The Chief Counsel's Office noted that a loss may be sustained, however, if a cryptocurrency becomes worthless, resulting in an identifiable event that occurs during the tax year for purposes of Code Sec. 165(a). Worthlessness is a question of fact and, in the case of a worthless asset, it is not necessary to relinquish title where there is (1) a subjective determination of worthlessness in a given year coupled with (2) a showing that in such year the asset in question is in fact essentially valueless. The Chief Counsel's Office noted that in MCM Investment Management, LLC v. Comm'r, T.C. Memo. 2019-158, the Tax Court found that a taxpayer subjectively determined that its partnership interest was worthless and, to determine whether there were also objective indicia of worthlessness, examined whether the partnership interest had liquidating value or any potential future value. Because the taxpayer could recover nothing for its partnership interest upon liquidation of the partnership and because there was no potential future value due to third-party subordinated debt agreements, the Tax Court determined that the partnership interest was worthless.

The Chief Counsel's Office said that in the instant case, each unit of cryptocurrency had liquidating value, though it was valued at less than one cent at the end of 2022. The cryptocurrency continued to be traded on at least one cryptocurrency exchange, allowing for the possibility that it may increase in value in the future. Accordingly, the Chief Counsel's Office concluded that the cryptocurrency was not wholly worthless during 2022 as a result of its decline in value, and the taxpayer did not sustain a bona fide loss under Code Sec. 165(a) in 2022 due to worthlessness.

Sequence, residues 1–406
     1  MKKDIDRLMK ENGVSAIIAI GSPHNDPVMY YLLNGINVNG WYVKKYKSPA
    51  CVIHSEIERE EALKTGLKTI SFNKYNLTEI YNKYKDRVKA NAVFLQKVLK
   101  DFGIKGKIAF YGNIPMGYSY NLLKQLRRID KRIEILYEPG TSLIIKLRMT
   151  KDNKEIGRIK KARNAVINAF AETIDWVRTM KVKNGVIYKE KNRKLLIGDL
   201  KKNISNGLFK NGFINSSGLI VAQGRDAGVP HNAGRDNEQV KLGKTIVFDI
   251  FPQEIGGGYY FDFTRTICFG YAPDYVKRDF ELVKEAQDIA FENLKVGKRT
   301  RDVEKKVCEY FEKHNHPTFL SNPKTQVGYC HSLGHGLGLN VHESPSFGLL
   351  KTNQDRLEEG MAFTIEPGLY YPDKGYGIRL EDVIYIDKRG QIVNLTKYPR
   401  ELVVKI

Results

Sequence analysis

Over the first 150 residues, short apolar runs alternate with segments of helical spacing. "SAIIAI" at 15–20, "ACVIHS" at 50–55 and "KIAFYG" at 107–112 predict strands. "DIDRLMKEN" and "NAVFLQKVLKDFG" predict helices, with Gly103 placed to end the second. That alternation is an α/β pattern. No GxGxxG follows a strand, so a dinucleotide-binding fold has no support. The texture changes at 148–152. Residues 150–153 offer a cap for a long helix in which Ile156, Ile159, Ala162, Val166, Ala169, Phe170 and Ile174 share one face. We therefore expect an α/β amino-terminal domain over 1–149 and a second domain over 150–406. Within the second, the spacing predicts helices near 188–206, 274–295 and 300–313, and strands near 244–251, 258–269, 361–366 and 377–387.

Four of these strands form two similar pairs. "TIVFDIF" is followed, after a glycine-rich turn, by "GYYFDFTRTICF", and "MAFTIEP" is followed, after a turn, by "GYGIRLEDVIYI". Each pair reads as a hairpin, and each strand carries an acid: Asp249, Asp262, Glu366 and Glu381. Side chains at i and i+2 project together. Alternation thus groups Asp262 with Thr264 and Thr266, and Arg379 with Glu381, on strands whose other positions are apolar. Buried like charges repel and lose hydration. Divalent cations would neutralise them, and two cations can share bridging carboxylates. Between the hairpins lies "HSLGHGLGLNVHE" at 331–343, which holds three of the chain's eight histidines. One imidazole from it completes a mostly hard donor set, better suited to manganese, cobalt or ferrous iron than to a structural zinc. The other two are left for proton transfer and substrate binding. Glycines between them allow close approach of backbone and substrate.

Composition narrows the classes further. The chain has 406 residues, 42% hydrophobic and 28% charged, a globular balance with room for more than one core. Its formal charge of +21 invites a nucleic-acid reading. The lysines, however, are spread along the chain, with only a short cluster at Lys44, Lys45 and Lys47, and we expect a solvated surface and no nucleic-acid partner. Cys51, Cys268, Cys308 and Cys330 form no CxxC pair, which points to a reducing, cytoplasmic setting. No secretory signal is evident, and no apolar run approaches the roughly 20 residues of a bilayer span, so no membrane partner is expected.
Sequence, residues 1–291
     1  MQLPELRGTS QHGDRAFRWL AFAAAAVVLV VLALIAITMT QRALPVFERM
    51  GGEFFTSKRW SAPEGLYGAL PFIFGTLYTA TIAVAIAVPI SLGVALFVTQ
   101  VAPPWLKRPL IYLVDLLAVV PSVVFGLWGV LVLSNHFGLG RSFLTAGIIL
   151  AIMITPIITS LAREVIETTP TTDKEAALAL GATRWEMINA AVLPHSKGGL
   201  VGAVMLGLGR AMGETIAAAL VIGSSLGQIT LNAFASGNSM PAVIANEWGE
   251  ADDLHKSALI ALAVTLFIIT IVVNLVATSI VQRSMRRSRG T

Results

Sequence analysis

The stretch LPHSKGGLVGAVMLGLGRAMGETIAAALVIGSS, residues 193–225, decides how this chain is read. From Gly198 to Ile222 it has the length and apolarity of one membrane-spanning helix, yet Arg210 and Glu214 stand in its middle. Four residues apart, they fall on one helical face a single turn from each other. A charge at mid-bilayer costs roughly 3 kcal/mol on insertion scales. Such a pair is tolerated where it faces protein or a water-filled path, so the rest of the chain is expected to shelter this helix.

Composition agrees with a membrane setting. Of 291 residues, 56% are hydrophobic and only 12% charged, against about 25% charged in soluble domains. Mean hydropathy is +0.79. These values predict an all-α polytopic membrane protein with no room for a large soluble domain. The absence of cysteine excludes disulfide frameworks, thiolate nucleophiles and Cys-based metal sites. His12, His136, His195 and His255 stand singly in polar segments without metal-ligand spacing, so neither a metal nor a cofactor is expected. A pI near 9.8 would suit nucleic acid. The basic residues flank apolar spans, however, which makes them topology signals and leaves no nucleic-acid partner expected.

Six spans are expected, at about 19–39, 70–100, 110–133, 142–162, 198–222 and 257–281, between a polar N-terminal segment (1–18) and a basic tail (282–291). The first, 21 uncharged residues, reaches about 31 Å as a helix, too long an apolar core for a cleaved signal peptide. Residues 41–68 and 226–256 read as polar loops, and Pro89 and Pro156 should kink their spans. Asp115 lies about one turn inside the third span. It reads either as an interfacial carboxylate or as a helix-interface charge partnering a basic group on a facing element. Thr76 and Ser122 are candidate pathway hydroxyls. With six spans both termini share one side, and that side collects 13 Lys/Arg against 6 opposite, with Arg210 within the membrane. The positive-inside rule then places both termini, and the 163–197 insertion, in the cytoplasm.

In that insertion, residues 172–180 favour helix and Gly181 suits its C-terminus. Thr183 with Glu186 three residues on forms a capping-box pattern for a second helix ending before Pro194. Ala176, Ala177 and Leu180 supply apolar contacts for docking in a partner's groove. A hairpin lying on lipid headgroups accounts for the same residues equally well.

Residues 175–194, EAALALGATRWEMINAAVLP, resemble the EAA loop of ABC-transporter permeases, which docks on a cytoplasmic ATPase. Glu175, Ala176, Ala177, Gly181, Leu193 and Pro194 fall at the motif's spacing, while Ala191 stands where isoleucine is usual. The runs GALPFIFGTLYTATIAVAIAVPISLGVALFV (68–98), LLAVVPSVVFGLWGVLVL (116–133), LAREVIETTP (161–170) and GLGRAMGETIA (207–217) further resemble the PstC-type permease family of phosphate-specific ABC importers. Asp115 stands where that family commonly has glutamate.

Turning to the issue of abandonment, the Chief Counsel's Office noted that the taxpayer did not take any action to abandon and permanently discard the taxpayer's units of cryptocurrency during 2022. The Chief Counsel's Office explained that abandonment is proven through an evaluation of the surrounding facts and circumstances, which must show: (1) an intention to abandon the property, coupled with (2) an affirmative act of abandonment. Some express manifestation of abandonment is required when the asset is an intangible property interest.

In this case, the Chief Counsel's Office concluded that the taxpayer maintained ownership of the cryptocurrency through the end of 2022, even though the value of each unit of the cryptocurrency as of the end of the year was less than one cent. The Chief Counsel's office noted that the taxpayer retained the ability to sell, exchange, or otherwise dispose of the cryptocurrency during 2022. Furthermore, the taxpayer continued to exert dominion and control over the cryptocurrency and, regardless of intent, did not take any affirmative steps to abandon the property during 2022. Therefore, the Chief Counsel's Office concluded that the taxpayer did not sustain a loss pursuant to Code Sec. 165(a) in 2022 due to abandonment.

For a discussion of the general rules for deducting losses, see Parker Tax ¶84,503.

Disclaimer: This publication does not, and is not intended to, provide legal, tax or accounting advice, and readers should consult their tax advisors concerning the application of tax laws to their particular situations. This analysis is not tax advice and is not intended or written to be used, and cannot be used, for purposes of avoiding tax penalties that may be imposed on any taxpayer. The information contained herein is general in nature and based on authorities that are subject to change. Parker Tax Publishing guarantees neither the accuracy nor completeness of any information and is not responsible for any errors or omissions, or for results obtained by others as a result of reliance upon such information. Parker Tax Publishing assumes no obligation to inform the reader of any changes in tax laws or other factors that could affect information contained herein.